B. The Bible in Dialogue with Questions of the Day: The Message of the Eucharist Today
The Eucharist has been at the source and centre of Christianity down through the ages, and still remains so. Reflection on it brings to mind many demands of Christian living, as many as belief in the living Christ himself does. Instituted at the Last Supper, the last of his meals with followers, it recalls the many meals during his life and the significance of these, eating with the marginalized and the outcast. In Mark’s gospel, after the multiplications of the loaves, in a journey across the Sea of Galilee the evangelist notes that the apostles had forgotten to bring bread with them, having only one loaf. Jesus warns of the danger of certain leaven (yeast). The apostles think that he is referring to their lack of bread. Jesus reminds them of his multiplication of the loaves, and of their lack of understanding of the significance of the miracle (Mark 8:14-21). It is a curious text, but the point seems to be that Jesus is calling on his apostles (and the church) to reflect on the miracles of the leaves, his meals, eventually the bread and wine become Eucharist and their significance as a signs and pledge of his saving and encouraging presence with the church, in times of need and always. There are so many aspects of the Eucharistic mystery that call for reflection.
The 2012 50th Eucharistic International Congress in Dublin had as its theme “The Eucharist: Communion with Christ and with One Another”. The theme reminds us of the place of the living Christ in the Eucharist as a source of personal union, communion, with God and with one another, Christ’s brothers and sisters.
The real presence of Christ under the species of bread and wine is a mystery, to be understood by faith. Already in Christ’s day, as represented in John’s Gospel, his Jewish listeners objected: “How can this man give us his flesh to eat?” Jesus replies insisting on his teaching. When many of his disciples said; “This is a hard teaching; who can listen to it?” among other points Jesus replies: “What if you were to see the Sin of Man ascending where he was before?” (John 6:52-65). We grasp the mystery of his Eucharistic presence better when we consider it in the context of Jesus, true man and true God, his ascent into heaven, and enthronement at God’s right hand. Down the centuries the Church has taken Jesus’ words on the bread and wine as his body and blood literally and lived with the mystery, a mystery as ever hard to put in human words. She has refused the view that the bread and wine only represent the body and blood of Christ. At the consecration there is a transformation, in some way, of the elements bread and wine involved. Her belief was incarnated in the respect for the bread and wine after the consecration, in the reservation of the Blessed Sacrament and in Eucharistic devotion. These were the manners in which the faithful expressed, and continue to express, their faith in Christ’s Eucharistic presence. When the belief was challenged by Berengarius, the Church formally responded in 1079 that at the consecration the bread and wine were substantially changed into the Body and Blood of Christ. In the Fourth Lateran Council (1215) this change was referred to as transubstantiation. The Council of Trent (1551) took up the question once again at the Reformation affirming that this change at the consecration the “holy Catholic Church properly and appropriately calls transubstantiation”, words repeated in the more recent (1994) Catechism of the Catholic Church. (paragraph 1376).Such Christian and Catholic beliefs as “consubstantial” and “transubstantiation”, not being words current in ordinary discourse, should not be the subjects of popular opinion polls. They are terms chosen by the Church to make clear her position on certain mysteries.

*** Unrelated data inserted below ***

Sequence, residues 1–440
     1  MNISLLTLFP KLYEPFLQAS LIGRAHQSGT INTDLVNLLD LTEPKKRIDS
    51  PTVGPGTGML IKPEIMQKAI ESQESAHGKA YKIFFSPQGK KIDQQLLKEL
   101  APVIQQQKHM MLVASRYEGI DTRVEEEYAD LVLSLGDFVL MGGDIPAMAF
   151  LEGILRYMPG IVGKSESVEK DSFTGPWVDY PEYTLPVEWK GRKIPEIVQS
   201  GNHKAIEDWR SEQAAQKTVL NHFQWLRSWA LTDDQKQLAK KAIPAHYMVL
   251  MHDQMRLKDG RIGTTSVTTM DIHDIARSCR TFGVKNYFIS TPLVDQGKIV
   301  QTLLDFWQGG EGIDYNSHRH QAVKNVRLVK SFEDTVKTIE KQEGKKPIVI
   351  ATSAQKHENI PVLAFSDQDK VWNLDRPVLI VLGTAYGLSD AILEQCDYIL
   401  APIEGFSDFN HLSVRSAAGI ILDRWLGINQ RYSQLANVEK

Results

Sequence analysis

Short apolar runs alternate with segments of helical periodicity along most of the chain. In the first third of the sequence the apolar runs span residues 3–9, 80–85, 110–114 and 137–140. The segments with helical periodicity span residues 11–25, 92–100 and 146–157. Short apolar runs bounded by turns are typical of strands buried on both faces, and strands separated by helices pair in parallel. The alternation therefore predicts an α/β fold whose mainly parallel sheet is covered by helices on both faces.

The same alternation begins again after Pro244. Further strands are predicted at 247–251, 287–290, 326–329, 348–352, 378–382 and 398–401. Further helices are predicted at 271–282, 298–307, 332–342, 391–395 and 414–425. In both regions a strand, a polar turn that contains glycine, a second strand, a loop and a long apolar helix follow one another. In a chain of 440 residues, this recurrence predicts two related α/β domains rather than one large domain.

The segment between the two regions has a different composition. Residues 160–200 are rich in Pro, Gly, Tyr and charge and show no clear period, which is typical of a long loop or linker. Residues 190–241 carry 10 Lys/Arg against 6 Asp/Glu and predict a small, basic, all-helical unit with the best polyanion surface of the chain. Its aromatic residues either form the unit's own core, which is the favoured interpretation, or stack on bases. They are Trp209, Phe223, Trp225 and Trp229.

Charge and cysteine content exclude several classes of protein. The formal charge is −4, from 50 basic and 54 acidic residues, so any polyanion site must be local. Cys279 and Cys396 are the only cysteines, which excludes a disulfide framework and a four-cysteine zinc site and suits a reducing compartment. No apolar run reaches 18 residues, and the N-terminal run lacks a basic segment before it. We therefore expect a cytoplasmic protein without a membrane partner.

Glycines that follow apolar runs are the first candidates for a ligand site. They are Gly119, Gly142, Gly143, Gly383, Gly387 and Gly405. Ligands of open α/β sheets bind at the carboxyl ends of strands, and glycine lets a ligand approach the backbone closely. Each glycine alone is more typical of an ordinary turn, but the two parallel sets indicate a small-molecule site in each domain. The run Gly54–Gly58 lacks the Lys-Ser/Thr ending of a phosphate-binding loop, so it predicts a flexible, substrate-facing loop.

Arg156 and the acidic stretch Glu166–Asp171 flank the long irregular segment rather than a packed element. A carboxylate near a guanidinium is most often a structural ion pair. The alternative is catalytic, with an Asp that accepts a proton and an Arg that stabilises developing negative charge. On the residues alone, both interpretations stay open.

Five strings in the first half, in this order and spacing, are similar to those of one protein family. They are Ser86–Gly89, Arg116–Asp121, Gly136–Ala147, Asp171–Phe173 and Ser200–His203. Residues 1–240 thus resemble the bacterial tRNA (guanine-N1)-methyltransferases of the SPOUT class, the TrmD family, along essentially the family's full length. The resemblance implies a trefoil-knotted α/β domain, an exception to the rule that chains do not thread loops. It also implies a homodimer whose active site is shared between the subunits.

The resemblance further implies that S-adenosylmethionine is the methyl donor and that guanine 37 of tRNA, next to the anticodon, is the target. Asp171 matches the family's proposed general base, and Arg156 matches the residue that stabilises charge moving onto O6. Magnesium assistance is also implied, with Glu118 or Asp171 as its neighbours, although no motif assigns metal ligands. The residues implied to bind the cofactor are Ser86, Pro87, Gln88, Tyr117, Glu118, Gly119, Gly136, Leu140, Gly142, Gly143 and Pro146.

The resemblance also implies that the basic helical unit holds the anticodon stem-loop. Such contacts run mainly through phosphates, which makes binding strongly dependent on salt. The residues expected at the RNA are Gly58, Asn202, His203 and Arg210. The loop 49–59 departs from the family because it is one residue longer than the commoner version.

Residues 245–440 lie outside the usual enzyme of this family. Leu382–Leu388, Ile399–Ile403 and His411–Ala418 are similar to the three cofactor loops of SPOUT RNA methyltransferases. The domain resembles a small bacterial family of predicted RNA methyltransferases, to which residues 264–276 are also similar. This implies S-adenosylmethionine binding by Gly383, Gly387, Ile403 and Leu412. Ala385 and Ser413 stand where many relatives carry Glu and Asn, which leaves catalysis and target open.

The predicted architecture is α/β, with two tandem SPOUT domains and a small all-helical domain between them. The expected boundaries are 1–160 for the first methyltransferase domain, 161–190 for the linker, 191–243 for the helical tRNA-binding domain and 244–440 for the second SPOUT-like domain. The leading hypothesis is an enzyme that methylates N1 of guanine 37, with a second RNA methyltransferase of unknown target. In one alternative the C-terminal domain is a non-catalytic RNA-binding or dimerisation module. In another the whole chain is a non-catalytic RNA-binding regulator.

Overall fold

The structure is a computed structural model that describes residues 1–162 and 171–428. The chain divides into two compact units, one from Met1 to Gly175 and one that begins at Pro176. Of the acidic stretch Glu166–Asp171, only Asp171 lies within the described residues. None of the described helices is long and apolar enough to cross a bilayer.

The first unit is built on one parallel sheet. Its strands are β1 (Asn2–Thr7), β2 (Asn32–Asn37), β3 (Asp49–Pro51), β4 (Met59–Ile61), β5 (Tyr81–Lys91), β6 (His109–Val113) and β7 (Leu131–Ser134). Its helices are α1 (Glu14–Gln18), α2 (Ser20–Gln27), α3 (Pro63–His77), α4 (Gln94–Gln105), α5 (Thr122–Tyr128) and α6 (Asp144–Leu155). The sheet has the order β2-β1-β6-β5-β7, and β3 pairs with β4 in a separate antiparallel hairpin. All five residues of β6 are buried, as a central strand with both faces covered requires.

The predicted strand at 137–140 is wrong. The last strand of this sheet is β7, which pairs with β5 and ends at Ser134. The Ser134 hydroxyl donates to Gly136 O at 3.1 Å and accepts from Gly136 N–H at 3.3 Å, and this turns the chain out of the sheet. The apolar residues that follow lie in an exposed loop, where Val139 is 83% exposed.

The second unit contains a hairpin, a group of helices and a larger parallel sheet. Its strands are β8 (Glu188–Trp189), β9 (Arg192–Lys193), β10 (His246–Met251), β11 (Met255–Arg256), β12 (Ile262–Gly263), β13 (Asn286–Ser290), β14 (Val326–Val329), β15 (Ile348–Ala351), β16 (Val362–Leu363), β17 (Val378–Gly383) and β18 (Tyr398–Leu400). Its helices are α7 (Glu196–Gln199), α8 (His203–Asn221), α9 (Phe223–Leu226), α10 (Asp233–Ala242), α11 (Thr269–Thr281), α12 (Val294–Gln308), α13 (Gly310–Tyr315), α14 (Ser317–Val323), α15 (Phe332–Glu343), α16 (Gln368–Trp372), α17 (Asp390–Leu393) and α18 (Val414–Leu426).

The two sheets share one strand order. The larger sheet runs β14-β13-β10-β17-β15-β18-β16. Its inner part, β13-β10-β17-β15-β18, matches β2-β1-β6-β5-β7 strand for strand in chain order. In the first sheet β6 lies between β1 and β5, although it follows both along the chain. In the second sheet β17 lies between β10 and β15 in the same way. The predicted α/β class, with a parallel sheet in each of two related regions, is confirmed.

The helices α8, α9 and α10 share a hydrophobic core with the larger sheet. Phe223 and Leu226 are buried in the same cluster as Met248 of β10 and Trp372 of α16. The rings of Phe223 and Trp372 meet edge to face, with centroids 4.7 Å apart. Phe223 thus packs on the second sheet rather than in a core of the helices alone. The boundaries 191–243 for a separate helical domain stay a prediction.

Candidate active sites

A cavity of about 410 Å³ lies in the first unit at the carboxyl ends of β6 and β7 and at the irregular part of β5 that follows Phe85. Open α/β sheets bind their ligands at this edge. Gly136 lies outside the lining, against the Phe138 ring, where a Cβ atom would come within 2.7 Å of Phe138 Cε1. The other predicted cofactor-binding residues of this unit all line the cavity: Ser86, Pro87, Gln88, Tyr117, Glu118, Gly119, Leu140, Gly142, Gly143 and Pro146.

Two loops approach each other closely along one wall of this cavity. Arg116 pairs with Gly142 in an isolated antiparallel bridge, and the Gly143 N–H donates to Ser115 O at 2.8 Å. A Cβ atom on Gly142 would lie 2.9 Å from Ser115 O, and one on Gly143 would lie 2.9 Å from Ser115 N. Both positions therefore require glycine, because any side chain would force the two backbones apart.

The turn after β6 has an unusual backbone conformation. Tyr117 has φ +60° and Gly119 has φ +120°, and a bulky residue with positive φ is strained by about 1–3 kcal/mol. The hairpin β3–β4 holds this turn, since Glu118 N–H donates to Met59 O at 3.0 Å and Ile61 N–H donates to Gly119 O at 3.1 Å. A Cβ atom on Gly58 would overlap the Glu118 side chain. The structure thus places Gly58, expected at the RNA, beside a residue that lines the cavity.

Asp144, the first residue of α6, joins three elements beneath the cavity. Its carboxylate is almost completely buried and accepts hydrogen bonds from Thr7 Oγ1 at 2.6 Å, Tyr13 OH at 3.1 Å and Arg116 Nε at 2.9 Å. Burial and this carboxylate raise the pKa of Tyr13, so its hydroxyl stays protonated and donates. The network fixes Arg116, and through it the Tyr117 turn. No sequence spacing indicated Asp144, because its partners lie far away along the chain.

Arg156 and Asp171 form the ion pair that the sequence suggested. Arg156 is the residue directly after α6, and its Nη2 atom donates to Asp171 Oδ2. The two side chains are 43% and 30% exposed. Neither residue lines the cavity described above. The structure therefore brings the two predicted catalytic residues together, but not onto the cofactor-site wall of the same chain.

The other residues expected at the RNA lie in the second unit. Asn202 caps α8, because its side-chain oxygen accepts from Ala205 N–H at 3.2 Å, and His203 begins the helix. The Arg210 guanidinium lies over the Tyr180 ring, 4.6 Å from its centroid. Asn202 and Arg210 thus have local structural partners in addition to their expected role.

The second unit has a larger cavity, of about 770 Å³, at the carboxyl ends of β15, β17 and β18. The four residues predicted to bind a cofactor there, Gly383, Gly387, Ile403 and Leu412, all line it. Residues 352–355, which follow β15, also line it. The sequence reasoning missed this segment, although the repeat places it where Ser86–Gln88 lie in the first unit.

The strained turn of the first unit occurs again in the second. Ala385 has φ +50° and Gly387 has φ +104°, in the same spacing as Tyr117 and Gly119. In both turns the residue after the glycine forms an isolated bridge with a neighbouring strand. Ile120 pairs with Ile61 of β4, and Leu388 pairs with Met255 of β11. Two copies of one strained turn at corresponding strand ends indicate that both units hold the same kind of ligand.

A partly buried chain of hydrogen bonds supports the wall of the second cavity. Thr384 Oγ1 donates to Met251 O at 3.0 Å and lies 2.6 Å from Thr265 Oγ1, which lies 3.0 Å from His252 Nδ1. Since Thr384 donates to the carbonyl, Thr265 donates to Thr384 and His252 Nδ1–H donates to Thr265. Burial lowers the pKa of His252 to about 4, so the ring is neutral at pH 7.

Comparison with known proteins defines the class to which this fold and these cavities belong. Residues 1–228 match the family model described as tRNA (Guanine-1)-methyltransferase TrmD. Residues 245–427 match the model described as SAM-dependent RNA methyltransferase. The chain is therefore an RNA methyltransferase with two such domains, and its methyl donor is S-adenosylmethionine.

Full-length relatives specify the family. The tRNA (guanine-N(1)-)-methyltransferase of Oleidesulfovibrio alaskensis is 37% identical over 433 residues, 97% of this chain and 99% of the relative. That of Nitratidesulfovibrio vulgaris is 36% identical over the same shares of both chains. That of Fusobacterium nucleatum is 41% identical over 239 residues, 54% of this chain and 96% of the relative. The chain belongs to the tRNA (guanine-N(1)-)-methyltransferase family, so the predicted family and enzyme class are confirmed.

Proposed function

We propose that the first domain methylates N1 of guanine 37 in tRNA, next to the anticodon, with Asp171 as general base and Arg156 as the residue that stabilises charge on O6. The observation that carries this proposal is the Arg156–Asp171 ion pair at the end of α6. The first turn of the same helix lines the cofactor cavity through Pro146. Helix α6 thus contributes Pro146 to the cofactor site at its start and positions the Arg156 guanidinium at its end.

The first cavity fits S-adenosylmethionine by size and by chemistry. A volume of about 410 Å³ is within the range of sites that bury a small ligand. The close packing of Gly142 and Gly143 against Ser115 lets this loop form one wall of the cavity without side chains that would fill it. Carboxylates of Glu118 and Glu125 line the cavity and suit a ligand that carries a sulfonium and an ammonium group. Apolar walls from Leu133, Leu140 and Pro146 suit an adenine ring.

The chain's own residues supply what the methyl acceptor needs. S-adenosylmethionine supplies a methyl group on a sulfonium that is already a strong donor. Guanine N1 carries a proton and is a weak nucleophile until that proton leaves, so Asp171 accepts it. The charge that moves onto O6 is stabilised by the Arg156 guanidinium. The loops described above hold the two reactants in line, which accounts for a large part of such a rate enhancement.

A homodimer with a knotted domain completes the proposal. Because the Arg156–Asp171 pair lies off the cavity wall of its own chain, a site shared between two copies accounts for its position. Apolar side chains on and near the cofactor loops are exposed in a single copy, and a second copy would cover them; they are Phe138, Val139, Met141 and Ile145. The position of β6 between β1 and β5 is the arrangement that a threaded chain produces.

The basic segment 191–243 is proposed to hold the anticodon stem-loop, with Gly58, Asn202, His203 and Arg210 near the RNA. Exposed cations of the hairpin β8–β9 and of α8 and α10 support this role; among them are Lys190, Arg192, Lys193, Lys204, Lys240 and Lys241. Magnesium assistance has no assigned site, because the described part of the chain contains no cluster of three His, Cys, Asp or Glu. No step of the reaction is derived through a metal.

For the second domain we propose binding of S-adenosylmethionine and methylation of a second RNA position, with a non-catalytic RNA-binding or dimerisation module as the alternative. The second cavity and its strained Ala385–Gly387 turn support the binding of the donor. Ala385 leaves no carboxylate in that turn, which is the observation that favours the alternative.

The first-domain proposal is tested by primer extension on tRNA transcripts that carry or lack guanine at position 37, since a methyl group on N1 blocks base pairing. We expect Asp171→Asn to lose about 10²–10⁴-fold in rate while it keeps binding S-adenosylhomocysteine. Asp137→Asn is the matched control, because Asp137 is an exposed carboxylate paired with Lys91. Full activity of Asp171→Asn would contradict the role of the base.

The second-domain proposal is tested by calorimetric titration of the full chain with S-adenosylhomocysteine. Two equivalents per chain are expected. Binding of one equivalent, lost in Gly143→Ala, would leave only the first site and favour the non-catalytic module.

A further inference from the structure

Questions are still being asked, by the young and not so young at to how we can deny the evidence of our eyes that after the consecration of the elements the bread is not bread but the Body of Christ and the wine not wine but the Blood of Christ. The question and the reply to it are old, candidly perceived and reflected on in the light of faith. We have a clear instance of this in the catechesis addressed to the newly baptised in the Jerusalem Church in the fourth century by its religious leader. In this it is stated that after the consecration we see the bread and it looks as before, but then we recall Christ’s words “This is my Body”, and can we deny this?. Similarly with the wine, and Christ’s word’s: “This is my Blood”. Can we deny this?. Thus is has been down the ages, and is today. We are in the present of a mystery. We admit our sight and profess our faith.